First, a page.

Free trade area may develop between South Africa and Nigeria

6/20/2013, 4:04 p.m. | Updated on 6/25/2013, 4:04 p.m.
JOHANNESBURG, Jun 17, 2013 (IPS) - If a free trade area (FTA) were to be negotiated between Africa’s two largest ...
Ajegunle, a low-lying slum in Lagos, Nigeria. Analysts say that the Nigerian market itself is huge and underserved. Sam Olukoya/IPS

JOHANNESBURG, Jun 17, 2013 (IPS) - If a free trade area (FTA) were to be negotiated between Africa’s two largest economies, South Africa and Nigeria, it would have a powerful effect on trade across the subcontinent and would challenge other countries to respond.

“In my view, it would bring substantial economic benefits to both sides in terms of exports, investment, competition enhancement and, ultimately, productivity,” Peter Draper, a senior research fellow at the South African Institute of International Affairs, told IPS.

The countries have already entered into an informal agreement of cooperation. In May, South African Trade and Industry Minister Rob Davies announced during a visit to this country by Nigerian President Goodluck Jonathan that South Africa pledged to help Africa’s most populous nation make the automotive sector the West African nation’s flagship industrial sector.

However, there are concerns that an FTA would give one-sided benefits to the South Africans, who have a developed manufacturing sector at the expense of the less-industrialized Nigeria.

“That is not to say South Africa is not favorably disposed, but rather to suggest that to the extent there is political will behind the idea it would be in favor of a limited trade arrangement and not a comprehensive one,” Draper said.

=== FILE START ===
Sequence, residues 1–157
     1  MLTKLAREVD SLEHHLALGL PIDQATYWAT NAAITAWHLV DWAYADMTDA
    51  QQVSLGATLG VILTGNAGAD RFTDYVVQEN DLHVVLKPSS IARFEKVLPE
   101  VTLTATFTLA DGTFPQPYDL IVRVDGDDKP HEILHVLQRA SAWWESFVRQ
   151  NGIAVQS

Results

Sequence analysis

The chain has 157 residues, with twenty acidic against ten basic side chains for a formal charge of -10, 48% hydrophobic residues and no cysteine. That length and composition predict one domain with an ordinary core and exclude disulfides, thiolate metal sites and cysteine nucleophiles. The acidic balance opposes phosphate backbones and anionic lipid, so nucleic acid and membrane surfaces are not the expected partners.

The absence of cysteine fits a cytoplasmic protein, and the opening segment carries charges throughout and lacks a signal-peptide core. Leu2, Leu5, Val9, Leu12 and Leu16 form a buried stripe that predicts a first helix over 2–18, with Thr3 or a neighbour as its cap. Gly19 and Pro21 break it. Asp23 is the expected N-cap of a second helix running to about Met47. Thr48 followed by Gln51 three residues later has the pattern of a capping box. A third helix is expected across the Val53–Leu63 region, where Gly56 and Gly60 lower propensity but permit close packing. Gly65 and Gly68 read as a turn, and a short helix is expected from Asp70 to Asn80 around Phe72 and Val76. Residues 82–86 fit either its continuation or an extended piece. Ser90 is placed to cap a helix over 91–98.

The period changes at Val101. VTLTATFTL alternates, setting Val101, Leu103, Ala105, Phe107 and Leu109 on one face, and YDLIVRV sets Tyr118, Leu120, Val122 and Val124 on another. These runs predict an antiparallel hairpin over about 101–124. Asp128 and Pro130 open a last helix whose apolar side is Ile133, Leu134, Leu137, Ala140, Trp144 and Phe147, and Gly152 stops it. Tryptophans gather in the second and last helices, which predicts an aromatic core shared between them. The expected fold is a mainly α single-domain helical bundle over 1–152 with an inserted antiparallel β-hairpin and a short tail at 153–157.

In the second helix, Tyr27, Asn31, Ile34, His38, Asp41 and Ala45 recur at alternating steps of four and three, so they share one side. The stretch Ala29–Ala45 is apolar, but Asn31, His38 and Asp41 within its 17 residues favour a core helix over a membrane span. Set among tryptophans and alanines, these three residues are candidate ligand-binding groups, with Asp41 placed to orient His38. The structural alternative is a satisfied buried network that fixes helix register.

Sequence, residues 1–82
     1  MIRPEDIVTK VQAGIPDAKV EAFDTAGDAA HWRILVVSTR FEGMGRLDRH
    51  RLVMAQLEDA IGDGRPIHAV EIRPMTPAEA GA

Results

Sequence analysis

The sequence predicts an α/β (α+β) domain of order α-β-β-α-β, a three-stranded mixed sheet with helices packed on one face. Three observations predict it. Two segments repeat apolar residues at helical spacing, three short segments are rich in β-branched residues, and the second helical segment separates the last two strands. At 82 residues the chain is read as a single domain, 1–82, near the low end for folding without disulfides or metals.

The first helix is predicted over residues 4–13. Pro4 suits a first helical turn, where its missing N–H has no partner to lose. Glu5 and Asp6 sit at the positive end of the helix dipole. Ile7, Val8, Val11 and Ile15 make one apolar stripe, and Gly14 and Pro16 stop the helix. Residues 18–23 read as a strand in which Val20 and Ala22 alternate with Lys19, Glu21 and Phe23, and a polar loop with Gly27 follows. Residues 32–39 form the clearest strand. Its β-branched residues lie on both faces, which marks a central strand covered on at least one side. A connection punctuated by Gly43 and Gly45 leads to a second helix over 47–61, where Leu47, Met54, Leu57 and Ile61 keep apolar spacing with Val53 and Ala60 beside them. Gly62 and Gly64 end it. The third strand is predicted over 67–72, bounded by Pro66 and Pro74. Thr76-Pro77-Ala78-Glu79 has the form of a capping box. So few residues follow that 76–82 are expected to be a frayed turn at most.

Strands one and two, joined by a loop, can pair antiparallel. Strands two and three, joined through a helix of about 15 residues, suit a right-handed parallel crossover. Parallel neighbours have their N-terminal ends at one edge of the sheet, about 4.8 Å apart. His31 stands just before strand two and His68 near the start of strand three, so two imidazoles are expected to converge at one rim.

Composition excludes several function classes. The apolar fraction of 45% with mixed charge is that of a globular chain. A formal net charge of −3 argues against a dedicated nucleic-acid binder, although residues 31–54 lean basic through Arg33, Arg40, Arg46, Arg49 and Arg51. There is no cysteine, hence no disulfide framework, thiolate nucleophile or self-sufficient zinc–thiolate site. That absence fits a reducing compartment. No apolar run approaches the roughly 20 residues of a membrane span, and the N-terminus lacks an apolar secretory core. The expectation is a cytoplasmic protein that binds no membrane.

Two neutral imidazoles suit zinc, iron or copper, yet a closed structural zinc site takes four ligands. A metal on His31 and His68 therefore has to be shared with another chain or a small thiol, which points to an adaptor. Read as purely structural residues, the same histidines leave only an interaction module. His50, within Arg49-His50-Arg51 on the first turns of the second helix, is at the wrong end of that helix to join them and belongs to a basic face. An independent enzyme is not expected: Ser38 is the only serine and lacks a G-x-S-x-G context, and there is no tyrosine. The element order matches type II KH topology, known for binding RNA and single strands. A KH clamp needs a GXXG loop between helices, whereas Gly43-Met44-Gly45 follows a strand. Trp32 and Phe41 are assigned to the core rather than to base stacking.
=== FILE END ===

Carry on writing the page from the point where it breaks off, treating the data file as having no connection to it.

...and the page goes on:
Johannesburg, South Africa,-based businessman Rutger-Jan van Spaandonk has the official licence to import Apple computers, phones, tablets and other products into both the South African and Nigerian markets. He told IPS that the proposed FTA would send a very positive signal, as the two governments seem to be getting closer and closer all the time.

“But in practice, the benefits may be limited. Many South African companies operate in Nigeria through non-South Africa entities, so it is not clear if they could be considered as beneficiaries of such an FTA.”

However, he did suggest that it would be a welcome move if it were to make it easier to trade between Nigeria and South Africa.

“I would welcome more transparency on what rules and regulations apply—in terms of import restrictions, product certification, visas and so on—and faster execution and processing. On both sides, probably.”

Jabu Mabuza, president of Business Unity South Africa, said that there is big potential for closer relations between the two countries, but said he would need more time to decide whether an FTA was the best approach.

“I personally welcome the coming together and reigniting of the relationship between our two nations. “To the extent we can have mutual socially and politically-rewarding relations, we should do all that it takes.”

However, Dianna Games, the chief executive of consultancy Africa@Work, told IPS that she believes there is enough current and future trade between both nations to look at the issue of an FTA. On the other hand, she is concerned about the lack of non-oil trade from Nigeria to South Africa.

“The manufacturing sector in that country is still at a fledgling stage, partly because of serious power shortages,” she explained.

“Although Nigeria is one of South Africa’s main suppliers of crude oil, there is almost no non-oil trade taking place.”